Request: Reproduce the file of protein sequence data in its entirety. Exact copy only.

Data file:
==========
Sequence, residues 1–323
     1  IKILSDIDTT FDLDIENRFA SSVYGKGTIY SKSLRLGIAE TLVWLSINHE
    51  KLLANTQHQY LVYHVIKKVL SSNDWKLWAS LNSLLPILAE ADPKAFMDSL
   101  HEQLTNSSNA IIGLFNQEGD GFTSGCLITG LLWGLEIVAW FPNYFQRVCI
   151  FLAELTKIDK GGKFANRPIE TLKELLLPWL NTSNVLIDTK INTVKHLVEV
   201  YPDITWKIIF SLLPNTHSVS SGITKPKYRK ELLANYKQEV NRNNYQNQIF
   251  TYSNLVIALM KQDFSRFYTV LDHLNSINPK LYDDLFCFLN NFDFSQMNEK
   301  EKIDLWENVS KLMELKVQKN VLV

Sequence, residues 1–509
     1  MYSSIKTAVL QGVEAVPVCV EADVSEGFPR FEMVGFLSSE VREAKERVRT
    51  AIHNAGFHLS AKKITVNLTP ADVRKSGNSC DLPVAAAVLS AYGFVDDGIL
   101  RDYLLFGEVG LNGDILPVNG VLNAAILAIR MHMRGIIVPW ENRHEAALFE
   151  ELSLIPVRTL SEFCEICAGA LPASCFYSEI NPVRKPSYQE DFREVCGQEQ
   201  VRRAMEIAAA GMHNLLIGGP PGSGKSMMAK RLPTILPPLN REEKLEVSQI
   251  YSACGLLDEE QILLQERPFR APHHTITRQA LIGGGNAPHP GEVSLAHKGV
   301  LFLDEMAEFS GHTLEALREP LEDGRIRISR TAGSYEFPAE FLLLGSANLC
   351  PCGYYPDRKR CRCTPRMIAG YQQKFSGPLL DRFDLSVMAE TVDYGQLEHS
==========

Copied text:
Sequence, residues 1–323
     1  IKILSDIDTT FDLDIENRFA SSVYGKGTIY SKSLRLGIAE TLVWLSINHE
    51  KLLANTQHQY LVYHVIKKVL SSNDWKLWAS LNSLLPILAE ADPKAFMDSL
   101  HEQLTNSSNA IIGLFNQEGD GFTSGCLITG LLWGLEIVAW FPNYFQRVCI
   151  FLAELTKIDK GGKFANRPIE TLKELLLPWL NTSNVLIDTK INTVKHLVEV
   201  YPDITWKIIF SLLPNTHSVS SGITKPKYRK ELLANYKQEV NRNNYQNQIF
   251  TYSNLVIALM KQDFSRFYTV LDHLNSINPK LYDDLFCFLN NFDFSQMNEK
   301  EKIDLWENVS KLMELKVQKN VLV

Sequence, residues 1–509
     1  MYSSIKTAVL QGVEAVPVCV EADVSEGFPR FEMVGFLSSE VREAKERVRT
    51  AIHNAGFHLS AKKITVNLTP ADVRKSGNSC DLPVAAAVLS AYGFVDDGIL
   101  RDYLLFGEVG LNGDILPVNG VLNAAILAIR MHMRGIIVPW ENRHEAALFE
   151  ELSLIPVRTL SEFCEICAGA LPASCFYSEI NPVRKPSYQE DFREVCGQEQ
   201  VRRAMEIAAA GMHNLLIGGP PGSGKSMMAK RLPTILPPLN REEKLEVSQI
   251  YSACGLLDEE QILLQERPFR APHHTITRQA LIGGGNAPHP GEVSLAHKGV
   301  LFLDEMAEFS GHTLEALREP LEDGRIRISR TAGSYEFPAE FLLLGSANLC
   351  PCGYYPDRKR CRCTPRMIAG YQQKFSGPLL DRFDLSVMAE TVDYGQLEHS